Pamela attended some of Lexington’s best schools, participating in athletics and one of Kentucky’s signature activities. “I absolutely loved going to Henry Clay [High School],” she said. “It’s where I made most of my lasting friendships. Before that I attended TLS [The Lexington School], Sayre and Lexington Catholic. I was involved in soccer growing up and rode American Saddlebred horses competitively until halfway through high school.”
Pamela’s affection for the educators who impacted her life remains strong, and she shares a particularly tender memory. “The teacher that I remember most fondly is Pat Esrael from Lexington Catholic,” she said. “She would give her undivided attention to me and always made me feel special. Sadly, she passed away last spring. She was truly such a special human being.”
The seeds of journalism were planted early for Pamela, who headed to the University of North Carolina at Chapel Hill after graduating from Henry Clay. “I grew up watching my mom hosting her own shows and being a broadcaster in various capacities, so it was something I was interested in from a young age,” she said. “When I entered high school, I began interning at WLEX [TV] in Lexington and then CNN over the summer. I knew I wanted to pursue a broadcast journalism degree in college, and UNC had one of the most reputable programs in the country.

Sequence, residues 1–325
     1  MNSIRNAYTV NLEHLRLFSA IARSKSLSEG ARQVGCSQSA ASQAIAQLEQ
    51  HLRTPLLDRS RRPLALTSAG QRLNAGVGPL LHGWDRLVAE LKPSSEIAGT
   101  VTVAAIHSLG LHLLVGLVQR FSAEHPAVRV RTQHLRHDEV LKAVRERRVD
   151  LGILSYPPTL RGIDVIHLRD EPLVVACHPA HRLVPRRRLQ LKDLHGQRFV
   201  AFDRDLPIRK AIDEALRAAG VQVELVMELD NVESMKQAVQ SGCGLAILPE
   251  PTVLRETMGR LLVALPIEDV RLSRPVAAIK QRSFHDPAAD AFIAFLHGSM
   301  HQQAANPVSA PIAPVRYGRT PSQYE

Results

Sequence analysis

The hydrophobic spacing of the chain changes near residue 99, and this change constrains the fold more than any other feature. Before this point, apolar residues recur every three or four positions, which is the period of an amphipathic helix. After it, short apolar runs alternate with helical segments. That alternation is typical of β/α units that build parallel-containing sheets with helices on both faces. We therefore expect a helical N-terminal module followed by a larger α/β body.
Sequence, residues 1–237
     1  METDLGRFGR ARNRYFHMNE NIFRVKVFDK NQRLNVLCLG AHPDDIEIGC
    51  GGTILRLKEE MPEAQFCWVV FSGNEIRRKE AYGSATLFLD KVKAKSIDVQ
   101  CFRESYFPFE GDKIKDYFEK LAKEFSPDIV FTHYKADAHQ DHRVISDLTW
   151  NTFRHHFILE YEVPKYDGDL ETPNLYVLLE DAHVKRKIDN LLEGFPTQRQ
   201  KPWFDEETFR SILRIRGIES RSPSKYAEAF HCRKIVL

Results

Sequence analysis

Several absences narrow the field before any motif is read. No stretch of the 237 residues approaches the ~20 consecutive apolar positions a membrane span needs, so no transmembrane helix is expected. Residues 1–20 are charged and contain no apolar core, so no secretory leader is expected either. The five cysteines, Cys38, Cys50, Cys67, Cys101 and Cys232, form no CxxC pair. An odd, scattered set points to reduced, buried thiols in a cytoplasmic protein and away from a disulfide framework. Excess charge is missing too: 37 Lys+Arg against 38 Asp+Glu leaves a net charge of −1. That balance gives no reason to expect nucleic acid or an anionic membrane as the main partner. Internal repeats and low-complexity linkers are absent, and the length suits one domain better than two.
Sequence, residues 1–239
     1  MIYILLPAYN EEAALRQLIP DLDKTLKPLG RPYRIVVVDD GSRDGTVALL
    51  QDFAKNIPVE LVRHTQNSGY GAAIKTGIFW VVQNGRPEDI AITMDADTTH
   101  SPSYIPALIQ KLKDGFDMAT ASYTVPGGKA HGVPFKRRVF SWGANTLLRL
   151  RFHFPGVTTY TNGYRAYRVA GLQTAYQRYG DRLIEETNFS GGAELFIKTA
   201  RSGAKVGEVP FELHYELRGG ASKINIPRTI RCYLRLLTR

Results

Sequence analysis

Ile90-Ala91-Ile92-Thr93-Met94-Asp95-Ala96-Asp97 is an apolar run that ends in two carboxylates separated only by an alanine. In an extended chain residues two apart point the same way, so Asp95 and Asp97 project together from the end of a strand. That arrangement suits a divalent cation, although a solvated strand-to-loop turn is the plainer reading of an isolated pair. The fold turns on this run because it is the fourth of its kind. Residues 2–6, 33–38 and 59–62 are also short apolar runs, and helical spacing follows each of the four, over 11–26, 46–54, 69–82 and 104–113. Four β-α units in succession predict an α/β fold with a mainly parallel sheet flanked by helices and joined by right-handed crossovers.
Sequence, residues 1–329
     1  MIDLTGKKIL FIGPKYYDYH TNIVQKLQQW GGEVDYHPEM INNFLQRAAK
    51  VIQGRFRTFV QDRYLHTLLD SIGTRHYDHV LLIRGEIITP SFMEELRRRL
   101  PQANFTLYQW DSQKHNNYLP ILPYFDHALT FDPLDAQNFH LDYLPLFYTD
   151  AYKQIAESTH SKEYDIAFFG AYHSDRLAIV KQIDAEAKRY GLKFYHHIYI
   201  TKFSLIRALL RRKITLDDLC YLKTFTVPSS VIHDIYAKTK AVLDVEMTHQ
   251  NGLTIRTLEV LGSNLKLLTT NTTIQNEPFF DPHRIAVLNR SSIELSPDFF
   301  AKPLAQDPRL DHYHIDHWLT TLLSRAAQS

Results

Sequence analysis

“UNC helped prepare me in many ways. It taught me all the basics of the process: how to write for television, shoot my own stories and edit my own pieces. Most importantly, it taught me good journalism ethics and how to avoid pitfalls along the way.”
While in college, Pamela enjoyed a brief gig with Jefferson Pilot Sports—where she would “run up and down the sidelines picking up the cable from the photographer”—and after graduation, she landed a job as a reporter for NewsChannel 8 and WJLA in Washington, D.C.
Several years of professional experience at the local level led to a position on the national news stage and another move. “I came to CNN after working at WJLA as a reporter/anchor for seven years,” Pamela said. “It was a big step up, but it felt like the right time for a new challenge. I had always respected CNN as a news organization, and I was particularly interested in coming in at the ground level with the new CNN president, Jeff Zucker, at the helm.”
Some of the nation’s most difficult moments gave Pamela an opportunity to spread her wings as a journalist, working with state and federal officials to keep the public up to date on the day’s top stories. “CNN moved me up to NYC and then back to D.C. after less than a year to become the justice correspondent,” she said. “That move was prompted by my reporting during the Boston bombings, Cleveland kidnappings and other law enforcement-related stories.”